Nonfiction > E.C. Stedman & E.M. Hutchinson, eds. > A Library of American Literature > 1861–1889
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Stedman and Hutchinson, comps.  A Library of American Literature:
An Anthology in Eleven Volumes.  1891.
Vols. IX–XI: Literature of the Republic, Part IV., 1861–1889
 
A Nocturne of Rubinstein
By Helen Gray Cone (1859–1934)
 
[Born in New York, N. Y., 1859. Died there, 1934. From Oberon and Puck: Verses Grave and Gay. 1885.]

I.
WHAT now remains, what now remains but night?
Night hopeless, since the moon is in her grave!
 
        Late came a glorious light
In one wide flood on spire and field and wave.
        It found a flowing way        5
To secret places where the dead leaves lay;
        It won the half-hid stream
To shy remembrance of her morning gleam;
        Then on the sky’s sharp shore
Rolled back, a fading tide, and was no more.        10
No more on spire and ivied window bright!
        No more on field and wave!
 
What now remains, what now remains but night?
Night hopeless, since the moon is in her grave!
 
II.
        Dumb waits the dim, broad land,
        15
Like one who hears, yet cannot understand,
        Tidings of grief to come.
The woods and waters, with the winds, are dumb.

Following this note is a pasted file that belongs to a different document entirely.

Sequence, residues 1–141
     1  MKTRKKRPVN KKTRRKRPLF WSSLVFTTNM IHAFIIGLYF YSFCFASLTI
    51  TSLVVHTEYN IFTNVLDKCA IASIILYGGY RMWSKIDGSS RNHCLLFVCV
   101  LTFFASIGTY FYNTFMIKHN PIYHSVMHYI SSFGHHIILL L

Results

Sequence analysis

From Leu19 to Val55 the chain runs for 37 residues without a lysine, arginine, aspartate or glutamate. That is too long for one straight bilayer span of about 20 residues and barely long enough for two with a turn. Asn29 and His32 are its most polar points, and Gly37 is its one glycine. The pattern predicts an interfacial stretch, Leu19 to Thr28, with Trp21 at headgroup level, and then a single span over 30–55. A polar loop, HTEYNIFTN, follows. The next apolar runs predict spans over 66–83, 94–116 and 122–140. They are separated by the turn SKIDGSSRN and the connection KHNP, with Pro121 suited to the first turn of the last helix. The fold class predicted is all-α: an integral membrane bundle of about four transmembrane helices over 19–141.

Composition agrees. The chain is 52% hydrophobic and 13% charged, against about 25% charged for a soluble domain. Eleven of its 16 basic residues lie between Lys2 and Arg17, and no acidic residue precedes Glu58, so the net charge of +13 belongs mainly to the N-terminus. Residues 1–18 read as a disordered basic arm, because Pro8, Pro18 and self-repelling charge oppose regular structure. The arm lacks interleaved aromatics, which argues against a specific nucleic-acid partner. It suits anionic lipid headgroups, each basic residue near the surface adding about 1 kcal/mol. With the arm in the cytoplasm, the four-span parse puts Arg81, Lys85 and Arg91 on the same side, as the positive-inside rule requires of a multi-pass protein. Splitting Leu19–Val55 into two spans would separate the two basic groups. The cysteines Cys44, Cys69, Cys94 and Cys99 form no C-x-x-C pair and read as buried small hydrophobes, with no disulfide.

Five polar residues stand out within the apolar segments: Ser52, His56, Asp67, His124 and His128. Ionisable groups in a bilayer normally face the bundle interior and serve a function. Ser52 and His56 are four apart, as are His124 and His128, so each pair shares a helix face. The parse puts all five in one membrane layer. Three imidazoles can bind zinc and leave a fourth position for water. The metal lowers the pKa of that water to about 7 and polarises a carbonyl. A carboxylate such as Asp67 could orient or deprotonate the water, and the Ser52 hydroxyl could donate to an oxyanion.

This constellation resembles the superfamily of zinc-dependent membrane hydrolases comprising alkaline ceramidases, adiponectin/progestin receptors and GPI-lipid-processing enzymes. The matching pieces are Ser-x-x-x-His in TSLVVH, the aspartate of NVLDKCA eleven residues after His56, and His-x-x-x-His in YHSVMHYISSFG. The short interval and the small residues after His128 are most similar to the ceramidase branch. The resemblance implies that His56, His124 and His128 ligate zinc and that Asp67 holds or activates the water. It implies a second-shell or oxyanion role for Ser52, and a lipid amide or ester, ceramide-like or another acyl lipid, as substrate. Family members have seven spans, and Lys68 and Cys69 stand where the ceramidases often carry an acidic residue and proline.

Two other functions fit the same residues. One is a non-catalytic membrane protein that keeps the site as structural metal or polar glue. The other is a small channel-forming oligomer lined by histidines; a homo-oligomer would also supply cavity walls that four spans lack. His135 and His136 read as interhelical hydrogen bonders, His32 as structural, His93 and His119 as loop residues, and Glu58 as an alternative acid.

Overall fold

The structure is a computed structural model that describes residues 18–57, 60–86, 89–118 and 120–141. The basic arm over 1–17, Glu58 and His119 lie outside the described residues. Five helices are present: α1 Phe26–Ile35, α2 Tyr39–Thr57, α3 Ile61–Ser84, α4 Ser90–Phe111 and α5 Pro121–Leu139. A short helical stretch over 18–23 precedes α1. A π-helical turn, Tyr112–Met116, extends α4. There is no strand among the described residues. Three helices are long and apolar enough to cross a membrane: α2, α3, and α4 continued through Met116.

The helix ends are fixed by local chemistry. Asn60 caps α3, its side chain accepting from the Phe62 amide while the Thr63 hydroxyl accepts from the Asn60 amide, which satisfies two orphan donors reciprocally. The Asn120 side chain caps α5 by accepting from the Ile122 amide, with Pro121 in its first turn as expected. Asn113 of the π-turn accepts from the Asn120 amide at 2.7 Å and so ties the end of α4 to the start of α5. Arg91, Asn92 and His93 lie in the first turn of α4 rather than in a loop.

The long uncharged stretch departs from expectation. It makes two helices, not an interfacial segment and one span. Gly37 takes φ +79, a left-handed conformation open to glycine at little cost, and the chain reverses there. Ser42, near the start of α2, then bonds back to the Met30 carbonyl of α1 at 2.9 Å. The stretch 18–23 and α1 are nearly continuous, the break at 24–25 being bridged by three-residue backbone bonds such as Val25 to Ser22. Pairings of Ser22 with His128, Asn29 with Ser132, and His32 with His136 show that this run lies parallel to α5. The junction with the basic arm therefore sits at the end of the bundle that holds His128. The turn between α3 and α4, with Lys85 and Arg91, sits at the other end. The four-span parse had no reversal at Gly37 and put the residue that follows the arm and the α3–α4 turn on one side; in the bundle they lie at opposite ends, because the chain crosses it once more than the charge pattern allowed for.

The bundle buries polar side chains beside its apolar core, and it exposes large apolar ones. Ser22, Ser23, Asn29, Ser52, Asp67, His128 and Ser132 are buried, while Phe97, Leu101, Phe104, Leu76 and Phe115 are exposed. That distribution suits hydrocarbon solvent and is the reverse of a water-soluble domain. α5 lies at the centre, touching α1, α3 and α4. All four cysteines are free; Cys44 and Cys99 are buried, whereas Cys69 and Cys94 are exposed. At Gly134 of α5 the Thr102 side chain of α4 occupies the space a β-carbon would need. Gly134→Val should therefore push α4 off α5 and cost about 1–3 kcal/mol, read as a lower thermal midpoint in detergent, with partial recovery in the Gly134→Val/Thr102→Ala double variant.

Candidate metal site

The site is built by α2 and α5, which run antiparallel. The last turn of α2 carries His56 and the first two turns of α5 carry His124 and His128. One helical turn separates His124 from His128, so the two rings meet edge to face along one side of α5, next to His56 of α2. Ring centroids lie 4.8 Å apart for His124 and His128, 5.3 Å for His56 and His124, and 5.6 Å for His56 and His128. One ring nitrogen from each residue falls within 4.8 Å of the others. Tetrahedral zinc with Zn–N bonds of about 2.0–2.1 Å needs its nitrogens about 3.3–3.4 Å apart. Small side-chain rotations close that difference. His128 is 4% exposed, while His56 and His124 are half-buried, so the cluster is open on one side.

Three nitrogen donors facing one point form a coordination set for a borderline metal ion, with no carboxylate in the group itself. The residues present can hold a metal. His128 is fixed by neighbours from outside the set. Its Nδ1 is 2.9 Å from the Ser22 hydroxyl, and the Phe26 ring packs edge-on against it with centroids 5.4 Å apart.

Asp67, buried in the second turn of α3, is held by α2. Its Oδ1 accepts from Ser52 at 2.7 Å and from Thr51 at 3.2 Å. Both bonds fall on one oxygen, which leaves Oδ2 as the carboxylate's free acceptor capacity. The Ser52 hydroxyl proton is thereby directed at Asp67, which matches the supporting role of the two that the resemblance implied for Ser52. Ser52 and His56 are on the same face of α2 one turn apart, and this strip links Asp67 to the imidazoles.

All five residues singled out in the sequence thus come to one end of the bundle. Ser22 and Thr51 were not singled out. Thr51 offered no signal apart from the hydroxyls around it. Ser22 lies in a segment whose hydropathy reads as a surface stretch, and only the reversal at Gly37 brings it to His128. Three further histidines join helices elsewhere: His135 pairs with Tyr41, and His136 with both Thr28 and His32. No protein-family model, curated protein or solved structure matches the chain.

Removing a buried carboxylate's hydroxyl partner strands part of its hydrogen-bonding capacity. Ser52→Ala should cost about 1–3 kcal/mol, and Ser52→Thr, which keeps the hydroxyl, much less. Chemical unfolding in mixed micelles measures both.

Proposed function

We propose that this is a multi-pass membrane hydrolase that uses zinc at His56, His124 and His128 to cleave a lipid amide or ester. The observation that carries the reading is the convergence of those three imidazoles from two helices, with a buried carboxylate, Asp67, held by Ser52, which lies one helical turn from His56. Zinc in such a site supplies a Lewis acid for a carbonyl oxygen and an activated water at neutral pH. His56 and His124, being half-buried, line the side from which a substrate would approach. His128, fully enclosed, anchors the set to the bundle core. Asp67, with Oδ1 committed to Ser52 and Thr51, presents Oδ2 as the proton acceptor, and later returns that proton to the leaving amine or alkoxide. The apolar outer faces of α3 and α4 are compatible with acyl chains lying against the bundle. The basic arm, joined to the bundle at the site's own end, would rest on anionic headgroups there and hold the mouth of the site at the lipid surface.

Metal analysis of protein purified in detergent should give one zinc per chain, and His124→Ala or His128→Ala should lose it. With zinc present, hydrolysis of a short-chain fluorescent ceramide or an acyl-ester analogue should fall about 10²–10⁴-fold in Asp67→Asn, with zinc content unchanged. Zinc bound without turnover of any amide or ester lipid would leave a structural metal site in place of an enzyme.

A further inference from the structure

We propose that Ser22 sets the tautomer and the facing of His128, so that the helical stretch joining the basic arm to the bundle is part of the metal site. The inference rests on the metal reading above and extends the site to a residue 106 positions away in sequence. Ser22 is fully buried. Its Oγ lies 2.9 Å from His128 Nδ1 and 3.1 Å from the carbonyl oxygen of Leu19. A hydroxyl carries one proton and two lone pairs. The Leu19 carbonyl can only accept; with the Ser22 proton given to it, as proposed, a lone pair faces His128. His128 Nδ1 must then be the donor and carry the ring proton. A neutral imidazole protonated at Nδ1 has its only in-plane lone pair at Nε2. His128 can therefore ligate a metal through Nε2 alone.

But now a breeze has found
Sorrowful voice, and sobs along the ground:        20
“Oh the lost light, the last, the best lost light!
        No more on field and wave!”
 
What now remains, what now remains but night?
Night hopeless, since the moon is in her grave!
 
III.
        Hark, how the wind outswells!
        25
Tempting the wood’s dark heart till he rebels,
        And, shaking his black hair,
Lifts up a cry of passion and despair!
        The groaning branches chafe
Till scarce the small, hushed singing-birds are safe,        30
        Tossed rocking in the nest,
Like gentle memories in a stormy breast.
A shudder, as good angels passed in flight,
        Thrills over field and wave!
 
What now remains, what now remains but night?        35
Night lawless, while the moon is in her grave!
 
IV.
        There falls a mighty hush:
And forth from far recesses fern-scents rush,
        Faint as a waft from years
Long past; they touch in heaven the springs of tears.        40
        In great drops, slow and warm,
Breaks all at once the spirit of the storm.
 
What now remains, what now remains but night?
Night grieving, while the moon is in her grave!
 
V.
Behold! the rain is over: on the wave
        45
        A new, a flashing light!
        Lo, she arises calm,
The pale, the patient moon, and pours like balm
        Through the wet wood’s wrecked aisle
Her own unutterably tender smile!        50
There is no calm like that when storm is done;
There is no pleasure keen as pain’s release;
There is no joy that lies so deep as peace,
No peace so deep as that by struggle won.
 
Naught now remains, naught now remains but night        55
Night peaceful, with the moon on field and wave!
 
 
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